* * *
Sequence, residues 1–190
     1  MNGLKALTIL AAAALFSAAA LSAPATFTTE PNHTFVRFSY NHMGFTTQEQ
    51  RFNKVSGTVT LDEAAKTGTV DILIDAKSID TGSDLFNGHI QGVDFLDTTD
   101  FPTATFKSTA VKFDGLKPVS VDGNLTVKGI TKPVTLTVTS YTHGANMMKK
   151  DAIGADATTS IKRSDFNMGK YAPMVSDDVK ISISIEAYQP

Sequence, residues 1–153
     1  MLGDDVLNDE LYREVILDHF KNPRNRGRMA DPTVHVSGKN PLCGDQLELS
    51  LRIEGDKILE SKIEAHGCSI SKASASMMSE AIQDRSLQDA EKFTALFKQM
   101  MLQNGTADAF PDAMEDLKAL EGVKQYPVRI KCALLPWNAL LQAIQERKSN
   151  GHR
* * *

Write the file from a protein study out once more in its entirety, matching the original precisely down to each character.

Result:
Sequence, residues 1–190
     1  MNGLKALTIL AAAALFSAAA LSAPATFTTE PNHTFVRFSY NHMGFTTQEQ
    51  RFNKVSGTVT LDEAAKTGTV DILIDAKSID TGSDLFNGHI QGVDFLDTTD
   101  FPTATFKSTA VKFDGLKPVS VDGNLTVKGI TKPVTLTVTS YTHGANMMKK
   151  DAIGADATTS IKRSDFNMGK YAPMVSDDVK ISISIEAYQP

Sequence, residues 1–153
     1  MLGDDVLNDE LYREVILDHF KNPRNRGRMA DPTVHVSGKN PLCGDQLELS
    51  LRIEGDKILE SKIEAHGCSI SKASASMMSE AIQDRSLQDA EKFTALFKQM
   101  MLQNGTADAF PDAMEDLKAL EGVKQYPVRI KCALLPWNAL LQAIQERKSN
   151  GHR